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Starrett WoodPeckersXF BandSaw Blades - Info

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Forum topic by steve posted 06-06-2013 01:46 AM 1169 views 0 times favorited 17 replies Add to Favorites Watch
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steve

348 posts in 748 days


06-06-2013 01:46 AM

Does anyone use Starrett Blades in their Bandsaw?
I have a Rikon 14”
Never tried a Starrett bandsaw blade, have you? Do you recommend?
http://www.starrett.com/saws/saws-hand-tool-products/band-saw-blades

-- steve/USA


17 replies so far

View Jimbo4's profile

Jimbo4

1183 posts in 1518 days


#1 posted 06-06-2013 04:06 PM

Starrett is ok. I normally use Olson Pro, or Timberwolf, as I believe them to better than Starrett.

-- *Arachnoleptic Fit*: The frantic dance performed just after you've accidently walked through a spider web.

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steve

348 posts in 748 days


#2 posted 06-06-2013 09:34 PM

I use 2 TimberWolfs now…the 3/4” 3TPI and a 1/4”, Both by PS Wood, I have absolutly no complaints with the Timberwolf/PS Wood blades…also I have the 5/8” that my Rikon 10-325 came with…I was just looking around and saw the Starretts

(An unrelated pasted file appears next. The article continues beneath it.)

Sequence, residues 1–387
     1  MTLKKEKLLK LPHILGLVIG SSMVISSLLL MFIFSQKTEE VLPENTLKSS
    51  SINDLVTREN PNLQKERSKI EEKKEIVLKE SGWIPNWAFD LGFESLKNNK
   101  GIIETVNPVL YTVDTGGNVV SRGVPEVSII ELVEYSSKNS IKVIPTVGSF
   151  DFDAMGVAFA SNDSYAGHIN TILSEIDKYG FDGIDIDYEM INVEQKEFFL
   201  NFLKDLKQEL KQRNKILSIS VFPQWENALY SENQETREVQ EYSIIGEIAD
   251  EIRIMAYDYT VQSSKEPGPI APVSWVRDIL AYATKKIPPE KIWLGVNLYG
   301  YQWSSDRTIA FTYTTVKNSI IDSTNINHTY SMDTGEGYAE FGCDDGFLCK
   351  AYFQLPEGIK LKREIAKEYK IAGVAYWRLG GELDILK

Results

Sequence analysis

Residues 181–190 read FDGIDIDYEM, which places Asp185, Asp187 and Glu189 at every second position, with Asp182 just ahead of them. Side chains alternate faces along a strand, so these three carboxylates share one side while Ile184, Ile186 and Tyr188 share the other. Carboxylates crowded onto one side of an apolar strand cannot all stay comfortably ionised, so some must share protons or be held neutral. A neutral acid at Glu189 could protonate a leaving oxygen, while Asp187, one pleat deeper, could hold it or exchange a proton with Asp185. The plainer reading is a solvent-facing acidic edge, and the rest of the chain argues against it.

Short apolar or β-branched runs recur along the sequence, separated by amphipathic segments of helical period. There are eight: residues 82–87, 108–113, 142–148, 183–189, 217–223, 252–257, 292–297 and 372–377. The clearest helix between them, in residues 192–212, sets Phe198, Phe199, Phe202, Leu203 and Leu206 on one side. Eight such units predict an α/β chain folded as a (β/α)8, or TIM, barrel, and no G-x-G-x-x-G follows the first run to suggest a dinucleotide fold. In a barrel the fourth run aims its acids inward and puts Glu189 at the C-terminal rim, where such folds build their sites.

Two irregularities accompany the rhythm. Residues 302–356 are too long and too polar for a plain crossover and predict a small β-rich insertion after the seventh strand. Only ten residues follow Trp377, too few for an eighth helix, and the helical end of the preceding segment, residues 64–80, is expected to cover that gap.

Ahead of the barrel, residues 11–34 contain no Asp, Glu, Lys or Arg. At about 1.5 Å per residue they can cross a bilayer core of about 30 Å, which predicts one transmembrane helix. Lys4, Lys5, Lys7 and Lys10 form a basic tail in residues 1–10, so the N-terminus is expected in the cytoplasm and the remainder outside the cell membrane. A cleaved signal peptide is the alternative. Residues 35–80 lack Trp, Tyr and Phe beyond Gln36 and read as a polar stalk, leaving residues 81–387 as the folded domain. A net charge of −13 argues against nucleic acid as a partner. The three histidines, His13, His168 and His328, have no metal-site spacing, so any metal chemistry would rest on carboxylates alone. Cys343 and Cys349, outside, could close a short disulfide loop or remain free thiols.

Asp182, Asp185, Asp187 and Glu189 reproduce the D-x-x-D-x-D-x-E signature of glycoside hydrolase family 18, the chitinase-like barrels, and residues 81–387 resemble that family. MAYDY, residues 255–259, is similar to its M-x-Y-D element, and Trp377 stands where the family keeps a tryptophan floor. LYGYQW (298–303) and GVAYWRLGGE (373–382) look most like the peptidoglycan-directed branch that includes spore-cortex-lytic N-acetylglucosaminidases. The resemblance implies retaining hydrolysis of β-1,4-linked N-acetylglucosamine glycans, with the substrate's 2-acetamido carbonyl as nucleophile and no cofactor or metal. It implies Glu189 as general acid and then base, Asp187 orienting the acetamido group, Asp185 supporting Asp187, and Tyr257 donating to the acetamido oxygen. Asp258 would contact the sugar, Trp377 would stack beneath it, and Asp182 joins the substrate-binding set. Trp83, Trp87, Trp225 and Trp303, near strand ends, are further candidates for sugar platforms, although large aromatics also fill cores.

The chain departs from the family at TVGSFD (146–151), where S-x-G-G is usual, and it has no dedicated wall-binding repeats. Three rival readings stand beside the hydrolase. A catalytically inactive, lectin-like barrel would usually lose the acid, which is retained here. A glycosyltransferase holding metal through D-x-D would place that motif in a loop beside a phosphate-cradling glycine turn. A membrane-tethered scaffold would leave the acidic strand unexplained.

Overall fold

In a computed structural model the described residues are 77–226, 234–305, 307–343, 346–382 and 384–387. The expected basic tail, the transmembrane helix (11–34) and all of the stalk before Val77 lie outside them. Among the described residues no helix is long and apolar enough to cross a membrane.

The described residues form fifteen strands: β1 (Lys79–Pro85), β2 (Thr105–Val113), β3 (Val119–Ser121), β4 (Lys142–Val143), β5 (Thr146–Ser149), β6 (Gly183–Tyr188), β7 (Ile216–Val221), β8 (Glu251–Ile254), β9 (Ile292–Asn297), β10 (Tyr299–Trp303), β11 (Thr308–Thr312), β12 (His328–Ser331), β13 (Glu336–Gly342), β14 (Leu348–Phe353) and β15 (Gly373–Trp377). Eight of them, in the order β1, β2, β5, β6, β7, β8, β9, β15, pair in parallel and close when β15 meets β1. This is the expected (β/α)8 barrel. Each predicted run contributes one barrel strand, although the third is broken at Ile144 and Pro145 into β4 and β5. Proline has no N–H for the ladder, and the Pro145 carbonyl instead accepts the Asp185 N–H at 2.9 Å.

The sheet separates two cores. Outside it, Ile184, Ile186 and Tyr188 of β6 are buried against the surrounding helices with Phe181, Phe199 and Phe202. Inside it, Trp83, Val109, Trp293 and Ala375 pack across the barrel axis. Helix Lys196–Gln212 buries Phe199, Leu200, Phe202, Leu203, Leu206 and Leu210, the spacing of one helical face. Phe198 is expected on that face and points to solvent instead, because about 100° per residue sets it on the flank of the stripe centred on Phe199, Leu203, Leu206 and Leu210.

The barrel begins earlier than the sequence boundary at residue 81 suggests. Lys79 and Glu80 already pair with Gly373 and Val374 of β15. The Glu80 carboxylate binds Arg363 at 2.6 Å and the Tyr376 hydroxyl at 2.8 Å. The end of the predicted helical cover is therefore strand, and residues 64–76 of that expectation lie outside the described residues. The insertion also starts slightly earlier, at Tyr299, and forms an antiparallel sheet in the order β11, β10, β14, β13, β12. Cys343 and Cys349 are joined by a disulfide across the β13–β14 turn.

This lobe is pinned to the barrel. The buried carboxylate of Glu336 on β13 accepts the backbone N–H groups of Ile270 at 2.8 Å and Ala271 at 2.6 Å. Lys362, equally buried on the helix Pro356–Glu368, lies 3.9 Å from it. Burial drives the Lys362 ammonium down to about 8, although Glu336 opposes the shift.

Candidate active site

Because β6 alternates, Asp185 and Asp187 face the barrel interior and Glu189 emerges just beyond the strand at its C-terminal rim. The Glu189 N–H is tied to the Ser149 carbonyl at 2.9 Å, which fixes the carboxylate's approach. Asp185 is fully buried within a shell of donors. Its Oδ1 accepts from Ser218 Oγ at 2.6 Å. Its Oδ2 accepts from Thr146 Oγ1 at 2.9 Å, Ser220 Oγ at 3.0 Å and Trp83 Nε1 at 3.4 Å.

-- steve/USA

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MrRon

2993 posts in 1998 days


#3 posted 06-07-2013 04:32 PM

I use a Starrett 105” long 3T pitch blade for resawing. Great blade and a good price. The weld is practically invisible. You need a microscope to find where it is welded. As far as cut is concerned, it is just as good as the Timberwolf or Olsen blades.

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steve

348 posts in 748 days


#4 posted 06-07-2013 11:10 PM

Thanks MrRon

-- steve/USA

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Jimbo4

1183 posts in 1518 days


#5 posted 06-08-2013 12:26 AM

I must’ve gotten a “second hand” Starrett. Maybe I’ll try again.

-- *Arachnoleptic Fit*: The frantic dance performed just after you've accidently walked through a spider web.

View lew's profile